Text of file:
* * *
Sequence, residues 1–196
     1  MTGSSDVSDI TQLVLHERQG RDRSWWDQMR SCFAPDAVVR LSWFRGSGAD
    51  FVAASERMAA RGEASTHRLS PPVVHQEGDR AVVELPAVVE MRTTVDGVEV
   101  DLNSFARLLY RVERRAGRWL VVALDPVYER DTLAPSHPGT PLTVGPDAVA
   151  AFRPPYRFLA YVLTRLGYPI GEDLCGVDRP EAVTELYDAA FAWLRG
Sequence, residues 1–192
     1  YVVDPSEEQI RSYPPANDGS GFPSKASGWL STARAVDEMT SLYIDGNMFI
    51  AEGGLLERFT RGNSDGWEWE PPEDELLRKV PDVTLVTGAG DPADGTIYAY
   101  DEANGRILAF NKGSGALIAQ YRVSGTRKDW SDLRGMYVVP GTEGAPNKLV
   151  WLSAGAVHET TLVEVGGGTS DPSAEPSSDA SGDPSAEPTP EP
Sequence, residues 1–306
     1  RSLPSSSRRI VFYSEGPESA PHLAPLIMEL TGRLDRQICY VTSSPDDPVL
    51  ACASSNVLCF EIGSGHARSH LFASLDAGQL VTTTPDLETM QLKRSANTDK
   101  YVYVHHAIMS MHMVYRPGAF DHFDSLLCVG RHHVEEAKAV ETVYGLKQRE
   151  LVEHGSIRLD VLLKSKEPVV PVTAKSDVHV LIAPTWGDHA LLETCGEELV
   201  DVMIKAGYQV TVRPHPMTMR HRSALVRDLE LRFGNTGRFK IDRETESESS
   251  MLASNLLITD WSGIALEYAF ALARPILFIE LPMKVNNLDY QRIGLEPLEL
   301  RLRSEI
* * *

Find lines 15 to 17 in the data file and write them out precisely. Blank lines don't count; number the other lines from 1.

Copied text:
   151  LVEHGSIRLD VLLKSKEPVV PVTAKSDVHV LIAPTWGDHA LLETCGEELV
   201  DVMIKAGYQV TVRPHPMTMR HRSALVRDLE LRFGNTGRFK IDRETESESS
   251  MLASNLLITD WSGIALEYAF ALARPILFIE LPMKVNNLDY QRIGLEPLEL